Fitness trainer and Instagram star Emily Skye knows the postpartum abs struggle is real.
Skye revealed that she had diastasis recti after the delivery, a condition where the large abdominal muscles separate and result in a belly pooch.
“My tummy isn’t completely down yet and it’s really squishy but it’s getting there,” the new mom shared in an Instagram post taken 23 days after the birth of her daughter Mia.
Diastasis recti, although seldom discussed in mainstream, is fairly common. In fact, two-thirds women experience it post-pregnancy, which explains why you’re not the only mom with a protruding belly at the beach.
The condition is a result of your hormones creating space in your body to carry your baby. Once you’ve delivered and your hormone levels return to their pre-pregnancy levels, your abs will either slowly spring back into place or, in some cases, because the tissues get so stretched out during pregnancy, the ab muscles lose their elasticity making it more difficult to pull them back in, resulting in a permanent pooch.
Fortunately for Skye her abs seem to be on the mend, thanks to some gentle exercise.
“My abs seems to be almost completely back together which I’m so happy about,” she said. “They were three finger widths apart after I gave birth! The core & pelvic floor work I do everyday is obviously working.”
If you’re a new mom dealing with a “squishy” tummy like Skye, here’s what you need to know about dealing with diastasis recti.
Do You Have Diastasis Recti?
You Have a Separation. Now What?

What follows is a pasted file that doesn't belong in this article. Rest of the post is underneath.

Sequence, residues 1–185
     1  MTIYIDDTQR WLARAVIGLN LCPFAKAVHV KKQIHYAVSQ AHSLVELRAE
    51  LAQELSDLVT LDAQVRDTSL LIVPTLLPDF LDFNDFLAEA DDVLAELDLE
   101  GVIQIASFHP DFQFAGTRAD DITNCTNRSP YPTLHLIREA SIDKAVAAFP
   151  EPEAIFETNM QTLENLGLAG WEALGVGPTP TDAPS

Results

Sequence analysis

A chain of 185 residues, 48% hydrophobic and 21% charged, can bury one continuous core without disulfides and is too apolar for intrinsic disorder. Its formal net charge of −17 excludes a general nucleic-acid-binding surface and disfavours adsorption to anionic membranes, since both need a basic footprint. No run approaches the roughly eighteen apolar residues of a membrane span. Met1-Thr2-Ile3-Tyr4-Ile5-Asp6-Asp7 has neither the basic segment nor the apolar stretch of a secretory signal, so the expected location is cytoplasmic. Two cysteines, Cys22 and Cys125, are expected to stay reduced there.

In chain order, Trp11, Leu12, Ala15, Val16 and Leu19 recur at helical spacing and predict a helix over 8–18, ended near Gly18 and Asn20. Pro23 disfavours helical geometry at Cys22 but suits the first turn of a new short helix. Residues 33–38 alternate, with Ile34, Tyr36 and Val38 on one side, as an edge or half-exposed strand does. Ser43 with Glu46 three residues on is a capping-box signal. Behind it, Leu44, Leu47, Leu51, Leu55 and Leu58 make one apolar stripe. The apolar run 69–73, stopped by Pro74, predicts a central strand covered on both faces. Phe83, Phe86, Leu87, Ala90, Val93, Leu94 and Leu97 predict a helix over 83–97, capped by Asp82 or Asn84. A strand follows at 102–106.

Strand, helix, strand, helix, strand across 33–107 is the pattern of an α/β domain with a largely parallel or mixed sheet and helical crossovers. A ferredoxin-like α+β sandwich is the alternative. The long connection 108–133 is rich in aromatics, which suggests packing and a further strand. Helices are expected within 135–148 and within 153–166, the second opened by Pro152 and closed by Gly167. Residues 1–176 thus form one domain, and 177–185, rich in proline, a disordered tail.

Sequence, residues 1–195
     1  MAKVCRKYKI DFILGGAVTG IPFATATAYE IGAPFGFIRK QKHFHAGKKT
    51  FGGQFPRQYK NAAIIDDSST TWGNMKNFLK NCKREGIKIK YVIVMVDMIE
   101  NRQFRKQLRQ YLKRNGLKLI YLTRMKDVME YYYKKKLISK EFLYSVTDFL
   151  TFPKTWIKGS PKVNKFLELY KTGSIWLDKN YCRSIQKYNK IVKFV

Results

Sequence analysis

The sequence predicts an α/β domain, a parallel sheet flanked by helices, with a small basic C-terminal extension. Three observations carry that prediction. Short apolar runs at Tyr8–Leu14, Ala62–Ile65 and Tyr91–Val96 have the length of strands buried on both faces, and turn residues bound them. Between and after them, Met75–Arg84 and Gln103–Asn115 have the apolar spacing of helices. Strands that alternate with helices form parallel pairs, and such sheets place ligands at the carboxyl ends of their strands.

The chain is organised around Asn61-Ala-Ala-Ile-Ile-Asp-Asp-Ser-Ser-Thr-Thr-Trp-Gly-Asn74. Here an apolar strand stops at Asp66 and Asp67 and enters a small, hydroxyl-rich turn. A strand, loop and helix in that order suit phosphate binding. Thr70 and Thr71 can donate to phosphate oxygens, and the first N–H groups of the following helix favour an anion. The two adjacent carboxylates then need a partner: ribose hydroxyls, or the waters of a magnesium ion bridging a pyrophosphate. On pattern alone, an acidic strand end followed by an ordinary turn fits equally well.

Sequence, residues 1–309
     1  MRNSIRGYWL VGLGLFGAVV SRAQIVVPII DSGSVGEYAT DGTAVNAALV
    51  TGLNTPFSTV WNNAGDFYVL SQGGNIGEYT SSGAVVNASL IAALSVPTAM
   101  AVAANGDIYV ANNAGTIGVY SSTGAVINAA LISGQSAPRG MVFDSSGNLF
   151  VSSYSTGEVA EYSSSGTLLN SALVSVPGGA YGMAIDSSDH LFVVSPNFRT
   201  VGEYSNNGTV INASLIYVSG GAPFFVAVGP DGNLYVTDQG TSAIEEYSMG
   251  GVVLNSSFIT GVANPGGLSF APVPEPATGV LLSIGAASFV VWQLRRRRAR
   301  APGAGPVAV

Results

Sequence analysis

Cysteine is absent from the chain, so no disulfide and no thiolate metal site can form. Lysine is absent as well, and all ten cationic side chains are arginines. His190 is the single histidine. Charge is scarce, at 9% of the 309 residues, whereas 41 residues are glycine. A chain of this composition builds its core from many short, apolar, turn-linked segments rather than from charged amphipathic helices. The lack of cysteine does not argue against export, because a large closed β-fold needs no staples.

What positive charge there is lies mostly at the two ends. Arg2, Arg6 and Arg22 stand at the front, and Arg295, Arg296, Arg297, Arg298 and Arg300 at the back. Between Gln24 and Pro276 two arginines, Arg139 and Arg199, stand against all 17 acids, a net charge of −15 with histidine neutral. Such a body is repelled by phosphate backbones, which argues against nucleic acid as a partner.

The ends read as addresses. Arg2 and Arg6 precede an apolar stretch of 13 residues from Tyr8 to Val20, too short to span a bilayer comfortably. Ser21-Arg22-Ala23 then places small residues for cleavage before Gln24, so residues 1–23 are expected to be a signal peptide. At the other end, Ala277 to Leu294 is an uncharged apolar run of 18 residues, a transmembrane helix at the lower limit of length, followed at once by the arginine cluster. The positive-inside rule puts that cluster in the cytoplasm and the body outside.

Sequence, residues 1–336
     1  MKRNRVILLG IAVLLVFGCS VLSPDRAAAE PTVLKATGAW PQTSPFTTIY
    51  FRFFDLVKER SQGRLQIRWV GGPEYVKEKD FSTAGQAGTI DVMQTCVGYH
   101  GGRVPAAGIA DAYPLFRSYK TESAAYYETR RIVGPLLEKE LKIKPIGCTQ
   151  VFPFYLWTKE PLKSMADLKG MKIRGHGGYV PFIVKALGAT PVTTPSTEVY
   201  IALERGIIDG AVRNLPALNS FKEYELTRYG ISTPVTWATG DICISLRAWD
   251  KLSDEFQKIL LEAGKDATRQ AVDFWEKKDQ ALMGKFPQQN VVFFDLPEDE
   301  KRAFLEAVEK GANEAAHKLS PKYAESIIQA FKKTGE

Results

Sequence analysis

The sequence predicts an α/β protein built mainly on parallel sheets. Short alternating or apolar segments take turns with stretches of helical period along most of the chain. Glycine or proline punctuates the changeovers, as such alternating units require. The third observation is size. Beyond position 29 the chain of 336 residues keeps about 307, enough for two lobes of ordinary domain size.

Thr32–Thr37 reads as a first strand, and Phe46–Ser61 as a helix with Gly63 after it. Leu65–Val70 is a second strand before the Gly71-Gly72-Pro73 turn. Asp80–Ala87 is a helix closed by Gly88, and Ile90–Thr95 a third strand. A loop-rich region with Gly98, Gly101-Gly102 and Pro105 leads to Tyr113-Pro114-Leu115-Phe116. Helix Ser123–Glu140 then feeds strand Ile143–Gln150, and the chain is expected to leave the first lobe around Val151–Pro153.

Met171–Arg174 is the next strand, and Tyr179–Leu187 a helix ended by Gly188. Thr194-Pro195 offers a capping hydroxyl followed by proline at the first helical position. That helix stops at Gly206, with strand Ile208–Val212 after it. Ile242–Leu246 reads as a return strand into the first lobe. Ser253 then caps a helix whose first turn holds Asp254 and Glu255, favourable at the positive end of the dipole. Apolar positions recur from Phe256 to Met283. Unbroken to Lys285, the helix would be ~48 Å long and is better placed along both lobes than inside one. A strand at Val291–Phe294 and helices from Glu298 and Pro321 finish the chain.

How to Get Your Abs Back Together
If you’re ready to do some light exercises to help tighten your core again (which was totally OK’d by your doctor), the first thing is to recruit a fitness professional who is a postpartum corrective expert.
“Start with gentle breathing exercises to begin healing your diastasis.,” Lippin advises. Deep diaphragmatic breathing exercises incorporates the pelvic floor, the diaphragm and the abdominal muscles, which helps to wake up the connection to those muscles which were over-stretched and underused during pregnancy.
Lippin recommends to start by lying down on your back, being sure to keep a heavy tailbone, eventually working up to a sitting position, and then eventually all fours, which, she says, most women can work up to in just a few week). The breathing will prepare the body for the exercises that will continue healing, like squats and bridges.
“When your body is ready for strengthening exercises, start with squats and bridges, plus rib cage breathing, knee lifts, pelvic tilts, kegels with breathing, Pilates leg circles and wall sits,” she says. “It’s important to give your body the correct support, and when properly done, these exercises will be extremely beneficial in strengthening your core.”
What Lippin doesn’t recommend? Crunches, overhead exercises, high impact movements, planks or downward dogs.
“These are all exercises that we normally perform to increase, or that require, our core strength, but when you’re dealing with diastasis recti, these will all increase the intra-abdominal pressure which pushes the abs down and out,” she says. “Since you want your abs to come in and up, these exercises do the opposite of what you’re hoping to accomplish.”
If you’re dealing with post-pregnancy pooch, try not to sweat it. If Skye’s revelation is any indication, you’re not alone. Be patient with the process. Lippin says it can take four to six weeks before you start seeing a difference, and about six months to heal your separation. Give your body the time it needs. After all, it took nine months to grow your baby, and it will take some time to get your body back.
In the meantime, wear your pooch like a badge of honor. Your body definitely deserves it.
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